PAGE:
Call for Papers for Proposed Edited Volume: Samuel Beckett and the 21st Century Novel

A call for papers has been issued by ibidem-verlag’s ‘Samuel Beckett in Company’ series editor, Paul Stewart, Professor of Literature, University of Nicosia, for a proposed edited volume with the title Samuel Beckett and the 21st Century Novel. Professor Stewart writes: ‘Beckett’s influence on an older generation of novelists, such as Coetzee, Banville, Auster and…

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A new Spanish translation of Lessness/Sans

A new Spanish translation of Lessness/Sans has been announced by Árdora Ediciones in Madrid. The volume is novel in that it contains four versions of the same text: Beckett’s original Sans (1969), followed by its translation into Spanish by Loreto Casado, and Beckett’s original Lessness (1970), followed by its translation into Spanish by José Francisco Fernández. Fernández explained the…

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New Title: Samuel Beckett and Technology. Eds Galina Kiryushina, Einat Adar & Mark Nixon (Edinburgh University Press)

Coming imminently from Edinburgh University Publishing is Samuel Beckett and Technology, edited by Galina Kiryushina, Einat Adar and Mark Nixon. Drawn from the conference of the same name which was held in Charles University, Prague in 2018, this new volume aims for ‘a comprehensive discussion of the role technology plays in shaping Beckett’s trademark aesthetics’ by…

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Two new books on Beckett and translation

This autumn sees the publication of two books which address the issue of translation in Beckett’s oeuvre. Samuel Beckett and Translation (Palgrave), edited by José Francisco Fernández and Mar Garre García adresses a number of themes including Beckett’s self-translations, translations of other authors and the poetics of translation, in a collection comprising thirteen chapters followed…

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New Publication: Beckett and Buddhism by Angela Moorjani

Beckett and Buddhism is a new work from Cambridge University Press by long-time Beckett scholar and Society member Angela Moorjani . Drawing on letters and archives along with recent studies of Buddhist thought and Schopenhauer’s knowledge of it, the book charts the Buddhist concepts circling through Beckett’s visions of the ‘human predicament’. Moorjani offers an…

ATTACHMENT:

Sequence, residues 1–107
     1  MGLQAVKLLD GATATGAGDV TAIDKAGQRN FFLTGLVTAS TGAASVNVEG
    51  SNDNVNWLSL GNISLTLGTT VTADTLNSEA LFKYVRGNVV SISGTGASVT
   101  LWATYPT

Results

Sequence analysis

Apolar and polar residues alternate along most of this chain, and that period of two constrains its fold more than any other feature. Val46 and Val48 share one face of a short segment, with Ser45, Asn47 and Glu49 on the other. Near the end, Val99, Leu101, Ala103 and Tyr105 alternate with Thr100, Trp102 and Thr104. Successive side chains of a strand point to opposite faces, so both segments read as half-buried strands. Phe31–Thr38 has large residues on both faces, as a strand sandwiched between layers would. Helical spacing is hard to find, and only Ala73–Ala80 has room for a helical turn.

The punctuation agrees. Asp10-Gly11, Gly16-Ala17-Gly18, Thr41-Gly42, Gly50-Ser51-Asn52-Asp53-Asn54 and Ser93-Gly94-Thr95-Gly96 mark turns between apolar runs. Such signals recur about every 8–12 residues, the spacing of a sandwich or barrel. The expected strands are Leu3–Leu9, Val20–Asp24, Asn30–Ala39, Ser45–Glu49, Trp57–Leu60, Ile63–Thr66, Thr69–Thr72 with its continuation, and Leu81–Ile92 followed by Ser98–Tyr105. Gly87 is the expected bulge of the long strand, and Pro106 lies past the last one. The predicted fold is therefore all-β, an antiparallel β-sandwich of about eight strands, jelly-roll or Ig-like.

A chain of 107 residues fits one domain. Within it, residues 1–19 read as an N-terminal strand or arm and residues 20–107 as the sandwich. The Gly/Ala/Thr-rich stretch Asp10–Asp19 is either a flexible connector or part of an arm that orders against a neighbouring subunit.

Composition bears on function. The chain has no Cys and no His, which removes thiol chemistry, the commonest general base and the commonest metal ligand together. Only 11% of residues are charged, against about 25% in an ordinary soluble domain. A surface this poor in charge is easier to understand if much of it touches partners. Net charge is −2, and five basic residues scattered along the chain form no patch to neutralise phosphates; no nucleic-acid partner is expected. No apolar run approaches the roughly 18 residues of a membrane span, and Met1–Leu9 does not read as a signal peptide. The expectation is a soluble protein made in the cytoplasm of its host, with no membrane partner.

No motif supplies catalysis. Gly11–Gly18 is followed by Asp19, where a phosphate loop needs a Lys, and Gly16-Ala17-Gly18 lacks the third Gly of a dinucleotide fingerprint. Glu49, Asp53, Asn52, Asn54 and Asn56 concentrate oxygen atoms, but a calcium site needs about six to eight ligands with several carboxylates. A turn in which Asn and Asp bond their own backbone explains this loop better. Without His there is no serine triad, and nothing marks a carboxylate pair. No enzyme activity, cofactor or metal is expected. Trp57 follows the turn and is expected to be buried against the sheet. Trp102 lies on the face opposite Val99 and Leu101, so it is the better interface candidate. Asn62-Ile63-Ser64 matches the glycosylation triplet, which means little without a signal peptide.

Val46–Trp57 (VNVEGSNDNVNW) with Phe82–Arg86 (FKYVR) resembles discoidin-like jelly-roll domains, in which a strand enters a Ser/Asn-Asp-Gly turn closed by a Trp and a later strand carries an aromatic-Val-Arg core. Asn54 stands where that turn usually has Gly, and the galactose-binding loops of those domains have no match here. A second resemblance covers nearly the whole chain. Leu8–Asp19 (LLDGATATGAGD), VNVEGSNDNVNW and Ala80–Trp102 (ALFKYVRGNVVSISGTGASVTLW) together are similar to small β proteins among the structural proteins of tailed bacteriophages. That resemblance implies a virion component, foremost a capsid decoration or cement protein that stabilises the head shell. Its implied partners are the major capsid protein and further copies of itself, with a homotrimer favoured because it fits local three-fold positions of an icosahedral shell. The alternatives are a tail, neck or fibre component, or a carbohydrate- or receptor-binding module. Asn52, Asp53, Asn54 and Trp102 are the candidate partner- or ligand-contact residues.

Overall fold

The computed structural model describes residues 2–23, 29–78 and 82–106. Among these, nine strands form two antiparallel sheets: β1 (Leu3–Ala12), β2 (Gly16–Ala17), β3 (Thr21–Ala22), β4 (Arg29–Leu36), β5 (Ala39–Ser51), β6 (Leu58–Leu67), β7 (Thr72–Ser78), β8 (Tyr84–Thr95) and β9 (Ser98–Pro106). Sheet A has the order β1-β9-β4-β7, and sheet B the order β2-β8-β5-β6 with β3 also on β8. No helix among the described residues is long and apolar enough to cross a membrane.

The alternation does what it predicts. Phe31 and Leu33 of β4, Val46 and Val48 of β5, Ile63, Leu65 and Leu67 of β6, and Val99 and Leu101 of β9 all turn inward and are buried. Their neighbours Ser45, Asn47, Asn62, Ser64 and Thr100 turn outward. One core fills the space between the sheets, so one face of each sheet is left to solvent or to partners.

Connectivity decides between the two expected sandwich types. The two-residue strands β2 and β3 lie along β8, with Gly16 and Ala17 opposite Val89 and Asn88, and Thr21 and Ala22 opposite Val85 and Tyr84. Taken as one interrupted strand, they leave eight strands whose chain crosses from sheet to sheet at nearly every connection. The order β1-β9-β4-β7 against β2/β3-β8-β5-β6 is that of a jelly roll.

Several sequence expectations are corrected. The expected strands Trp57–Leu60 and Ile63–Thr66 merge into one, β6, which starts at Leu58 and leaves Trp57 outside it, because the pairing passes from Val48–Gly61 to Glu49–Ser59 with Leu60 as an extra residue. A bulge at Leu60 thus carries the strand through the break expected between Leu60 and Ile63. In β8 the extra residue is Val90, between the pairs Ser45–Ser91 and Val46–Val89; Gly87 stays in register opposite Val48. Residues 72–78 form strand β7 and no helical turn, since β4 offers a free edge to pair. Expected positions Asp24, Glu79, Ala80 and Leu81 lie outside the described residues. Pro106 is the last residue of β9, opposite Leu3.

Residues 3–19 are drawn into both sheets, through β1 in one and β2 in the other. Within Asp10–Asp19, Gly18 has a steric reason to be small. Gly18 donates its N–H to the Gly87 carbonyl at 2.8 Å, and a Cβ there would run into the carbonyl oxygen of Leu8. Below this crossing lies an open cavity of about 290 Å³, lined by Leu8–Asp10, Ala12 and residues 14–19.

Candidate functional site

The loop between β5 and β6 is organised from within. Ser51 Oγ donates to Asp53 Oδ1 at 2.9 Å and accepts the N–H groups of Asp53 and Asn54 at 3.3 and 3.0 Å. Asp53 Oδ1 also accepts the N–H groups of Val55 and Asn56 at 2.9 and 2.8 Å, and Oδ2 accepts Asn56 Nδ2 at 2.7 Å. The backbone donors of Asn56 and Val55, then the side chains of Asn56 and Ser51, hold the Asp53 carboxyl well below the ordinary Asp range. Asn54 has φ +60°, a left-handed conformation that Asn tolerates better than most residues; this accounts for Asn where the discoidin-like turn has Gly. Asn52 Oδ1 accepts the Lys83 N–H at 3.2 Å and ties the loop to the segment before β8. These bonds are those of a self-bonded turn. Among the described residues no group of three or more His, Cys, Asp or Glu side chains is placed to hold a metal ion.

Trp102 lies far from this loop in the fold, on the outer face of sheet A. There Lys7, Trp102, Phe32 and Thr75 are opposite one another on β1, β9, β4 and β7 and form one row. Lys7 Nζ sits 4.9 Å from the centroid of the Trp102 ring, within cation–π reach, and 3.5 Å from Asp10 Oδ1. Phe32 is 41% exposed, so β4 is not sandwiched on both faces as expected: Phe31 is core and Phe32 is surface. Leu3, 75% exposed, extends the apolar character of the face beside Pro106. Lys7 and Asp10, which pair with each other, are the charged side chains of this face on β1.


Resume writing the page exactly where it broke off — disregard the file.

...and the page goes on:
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The Autumn 2020 Issue of The Beckett Circle is Now Available Online

Inside this issue The second issue of the Beckett Circle to be posted in the time of pandemic bears the scars of the community’s endurance of uncertainty and loss. As performance, in its normal sense has disappeared, we hear from practitioners Sarah Jane Scaife and Cathal Quinn about their attempts to overcome the restricted environment.…

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The Spring 2020 Issue of The Beckett Circle is Now Available Online

“This issue covers performances in the US (among them the Happy Days Renaissance Theaterworks production in downtown Milwaukee and Richard Sullivan Jr.’s Waiting for Godot in Providence, RI), Australia (Mark Byron reviews the Red Line Productions’ staging of Krapp’s Last Tape at the Old Fitz Theatre in Sydney), London, Paris and Dublin. We have rich resources to rethink the Beckett oeuvre in the context of contemporary music, as the Farmleigh Music and Arts festival and the What is the Word… concert organised by Benjamin Dwyer at the Centre Culturel Irlandaise in Paris show. A panel on the Battle of Ideas Festival at the Barbican, the role played by Beckett in shaping the “Fail Better” series of the Poet in the City at Wilton’s Music Hall in London, and an account of number of symposia keep demonstrating Beckett’s continuous cultural importance…”

— Extract from the joint President’s Address from Daniela Caselli (sitting president) and Laura Salisbury (president elect).

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The Autumn 2019 Issue of The Beckett Circle Is Now Online

Our new issue of The Beckett Circle is extremely rich. Professor Jim Knowlson talks to the well-known British actor David Neilson about the very different fates of two of Beckett’s most famous manuscripts: Murphy and Waiting for Godot. I had the great pleasure of seeing David Neilson act in Endgame here in Manchester, and the Society is delighted to host this dialogue. The ‘Happy Days: Enniskillen International Beckett Festival’ of 2019 takes centre stage in our issue. In its seventh edition under the guidance of Artistic Director Sean Doran, it has offered a rich programme: in this issue, Feargal Whelan’s interviews Clara Simpson’s bilingual production of Pas Moiand Not I, and Emma Keanie reviews her performance – both will speak to those among us interested in translation not only on the page but also on stage. Brenda O’Connell and Sean Walsh review what sounds like a spectacular interpretation of Come and Go, Catastrophe, and Quad by the Mark Morris Dance Group. I’d like to draw your attention also to Sheila Mannix’s review of How It Is (Part 2) by Gare St Lazare Ireland at The Everyman in Cork.

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